- The Organizational Capacity Assessment Tool (OCAT), developed by McKinsey & Company for VPP, is an assessment tool to measure operational capacity and identify areas which need improvement.
- Read about the life cycle of nonprofits and use the Organizational Self-assessment matrix provided in this article to determine where your organization fits in the cycle, which can help you determine areas where your nonprofit can benefit from capacity building.
- The Drucker Foundation Self-Assessment Tool provides a process for nonprofit organizations to clarify mission statements, define results, set goals, and develop focused plans.
- What are your nonprofit’s greatest needs for capacity building? Conducting a self-assessment such as using the organizational capacity assessment tool developed by the Marguerite Casey Foundation, can help nonprofits identify capacity strengths and challenges, and establish capacity building goals.
- The Innovation Network, Inc. also offers an organizational assessment tool, among other tools, through its "Point K" website resources. Free registration required.
- The TCC Group has developed a Capacity Building Self-Assessment tool that nonprofits can use to assess and prioritize their capacity building needs. The tool is also useful in the analysis of what type of capacity building would yield the most impact at your nonprofit’s current stage of development.
Tools for Board Training and Development
- Use these free, short, videos to spark discussions and train staff, volunteers and board members. Topics include: (i) how can you engage your nonprofit in more sustainable "green" practices? (ii) What are the priorities for a new executive director in his/her first three months? (iii) What is the difference between an organization’s mission and its vision? Source: Third Sector New England.
- Engage your board with a virtual board orientation training through CompassPoint’s online free tutorial that board members can do on their own with a computer and internet connection, anytime!
- Conduct a self-assessment to determine the strengths or gaps in the composition of your nonprofit’s board using this Sample Board Composition Matrix.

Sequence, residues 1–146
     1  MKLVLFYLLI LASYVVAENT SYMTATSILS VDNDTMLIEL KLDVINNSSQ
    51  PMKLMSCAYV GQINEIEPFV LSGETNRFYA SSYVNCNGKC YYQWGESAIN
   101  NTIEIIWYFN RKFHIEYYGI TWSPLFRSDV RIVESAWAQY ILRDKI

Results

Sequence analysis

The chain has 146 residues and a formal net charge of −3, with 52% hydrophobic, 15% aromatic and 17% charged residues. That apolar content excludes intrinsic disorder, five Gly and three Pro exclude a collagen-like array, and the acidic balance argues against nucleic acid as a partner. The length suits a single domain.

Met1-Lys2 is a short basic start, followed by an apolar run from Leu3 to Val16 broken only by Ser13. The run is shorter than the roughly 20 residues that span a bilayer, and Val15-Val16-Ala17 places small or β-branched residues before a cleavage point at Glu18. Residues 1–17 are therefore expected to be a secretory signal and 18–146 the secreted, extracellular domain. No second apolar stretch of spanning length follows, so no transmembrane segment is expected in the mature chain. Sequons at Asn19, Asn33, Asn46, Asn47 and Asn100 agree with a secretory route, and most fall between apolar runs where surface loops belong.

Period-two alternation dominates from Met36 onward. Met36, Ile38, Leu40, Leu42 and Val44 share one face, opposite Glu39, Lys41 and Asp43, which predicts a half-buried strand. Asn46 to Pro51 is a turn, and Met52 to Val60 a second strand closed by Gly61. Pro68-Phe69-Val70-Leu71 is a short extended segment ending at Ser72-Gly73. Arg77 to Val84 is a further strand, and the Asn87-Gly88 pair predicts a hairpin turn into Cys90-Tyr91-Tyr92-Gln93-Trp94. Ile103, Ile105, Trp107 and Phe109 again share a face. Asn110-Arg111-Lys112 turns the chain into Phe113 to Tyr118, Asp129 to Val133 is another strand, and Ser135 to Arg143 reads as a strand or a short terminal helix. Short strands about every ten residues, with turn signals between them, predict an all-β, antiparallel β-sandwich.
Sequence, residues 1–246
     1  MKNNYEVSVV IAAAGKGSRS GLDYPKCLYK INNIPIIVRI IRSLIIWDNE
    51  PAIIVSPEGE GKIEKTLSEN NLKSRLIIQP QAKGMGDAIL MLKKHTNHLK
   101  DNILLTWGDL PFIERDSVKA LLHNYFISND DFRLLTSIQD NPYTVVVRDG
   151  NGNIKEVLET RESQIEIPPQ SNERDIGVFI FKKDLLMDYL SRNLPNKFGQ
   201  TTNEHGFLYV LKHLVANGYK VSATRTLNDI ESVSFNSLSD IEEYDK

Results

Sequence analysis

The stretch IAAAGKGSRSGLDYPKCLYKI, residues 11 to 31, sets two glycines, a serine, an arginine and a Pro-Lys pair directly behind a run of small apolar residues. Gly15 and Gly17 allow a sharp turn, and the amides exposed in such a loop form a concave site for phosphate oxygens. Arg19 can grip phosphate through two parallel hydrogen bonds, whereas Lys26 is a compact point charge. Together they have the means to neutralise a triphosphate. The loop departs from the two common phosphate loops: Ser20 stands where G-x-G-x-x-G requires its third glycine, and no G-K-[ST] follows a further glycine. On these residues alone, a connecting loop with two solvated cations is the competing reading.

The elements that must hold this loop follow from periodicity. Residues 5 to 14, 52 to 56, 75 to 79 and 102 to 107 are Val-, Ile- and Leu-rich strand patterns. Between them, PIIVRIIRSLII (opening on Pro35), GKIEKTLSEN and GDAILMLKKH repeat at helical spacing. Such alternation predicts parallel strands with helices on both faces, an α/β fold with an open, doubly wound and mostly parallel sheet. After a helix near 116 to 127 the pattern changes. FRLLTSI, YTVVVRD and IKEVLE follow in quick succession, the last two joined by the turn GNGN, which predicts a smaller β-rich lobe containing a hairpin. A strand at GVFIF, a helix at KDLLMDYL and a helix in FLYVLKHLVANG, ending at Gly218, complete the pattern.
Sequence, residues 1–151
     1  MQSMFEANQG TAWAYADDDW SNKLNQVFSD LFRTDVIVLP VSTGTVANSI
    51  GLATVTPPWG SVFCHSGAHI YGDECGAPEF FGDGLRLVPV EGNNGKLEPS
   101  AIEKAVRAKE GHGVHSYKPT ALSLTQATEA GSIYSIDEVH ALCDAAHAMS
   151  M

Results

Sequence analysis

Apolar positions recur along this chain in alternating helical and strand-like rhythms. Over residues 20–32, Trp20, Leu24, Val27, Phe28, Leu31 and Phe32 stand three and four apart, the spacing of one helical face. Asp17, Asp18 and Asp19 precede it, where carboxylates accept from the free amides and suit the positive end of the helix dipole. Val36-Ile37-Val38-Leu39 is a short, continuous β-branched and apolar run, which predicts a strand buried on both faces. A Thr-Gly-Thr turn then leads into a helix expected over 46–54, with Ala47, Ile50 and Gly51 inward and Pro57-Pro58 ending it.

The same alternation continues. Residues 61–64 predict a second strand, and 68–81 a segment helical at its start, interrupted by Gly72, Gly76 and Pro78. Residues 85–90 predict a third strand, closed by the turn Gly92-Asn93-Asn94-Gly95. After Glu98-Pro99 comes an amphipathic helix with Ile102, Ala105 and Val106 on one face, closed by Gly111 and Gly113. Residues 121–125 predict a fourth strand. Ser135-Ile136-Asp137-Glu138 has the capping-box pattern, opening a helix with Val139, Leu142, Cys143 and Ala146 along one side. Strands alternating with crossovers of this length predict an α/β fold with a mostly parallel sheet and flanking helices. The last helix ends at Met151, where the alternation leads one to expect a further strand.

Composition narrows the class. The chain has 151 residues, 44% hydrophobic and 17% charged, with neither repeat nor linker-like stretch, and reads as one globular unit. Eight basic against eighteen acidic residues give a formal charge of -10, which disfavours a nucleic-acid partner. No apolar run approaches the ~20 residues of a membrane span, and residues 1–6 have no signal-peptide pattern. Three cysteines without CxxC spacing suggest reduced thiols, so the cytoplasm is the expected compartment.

- For more tools to use with your board, such as a sample table of contents for a board orientation manual, a sample board member code of conduct, and sample governance policies, visit the Governance section of our website.
Revisit your mission: As time goes on, nonprofits should revisit their mission statement to ensure that their activities are still consistent with the mission – and that the mission has kept up-to-date with the direction of the organization. Read this short article to learn about a process for engaging your board in a review of the organization’s mission statement.
Capital projects: Before launching a building expansion or planning for a capital campaign project, make sure your nonprofit has the needed capacity to bring the project to fruition and sustain the expansion responsibly.
Planning for the future:
- What are the trends that will impact the sustainability of a nonprofit? Convergence – How Five Trends Will Reshape the Social Sector, by LaPiana Consulting (2009), for the James Irvine Foundation, will convince you that all nonprofit leaders (and funders) need to keep their eyes on future trends.
- Before launching into any future planning, review Lessons Learned: A Planning Toolsite offered by the National Endowment for the Arts, based on lessons learned from NEA’s experience administering planning grants for arts organizations.
How Much Does Capacity Building Cost?
Do you know how much it really costs to deliver your mission? Nonprofits need to be able to track the actual costs of their programs and services in order to 1) budget accurately 2) inform funders about the full cost of program delivery; and 3) determine the cost/benefit of engaging in specific activities over the long run.
- Learn how to calculate full costs with a Cost Analysis Toolkit developed by Bridgespan.
- Read a helpful article by Bridgespan, Costs are Cool: the Strategic Value of Economic Clarity, stressing the importance of resource allocation and the need to identify full costs as part of that analysis.
- See the Appendix of the article above for a full explanation of "full costs."
- Understand how to account for various costs such as "management and general" and "fundraising" costs. The article, "What is Overhead?" from the Nonprofit Assistance Fund, can help you classify expenses correctly.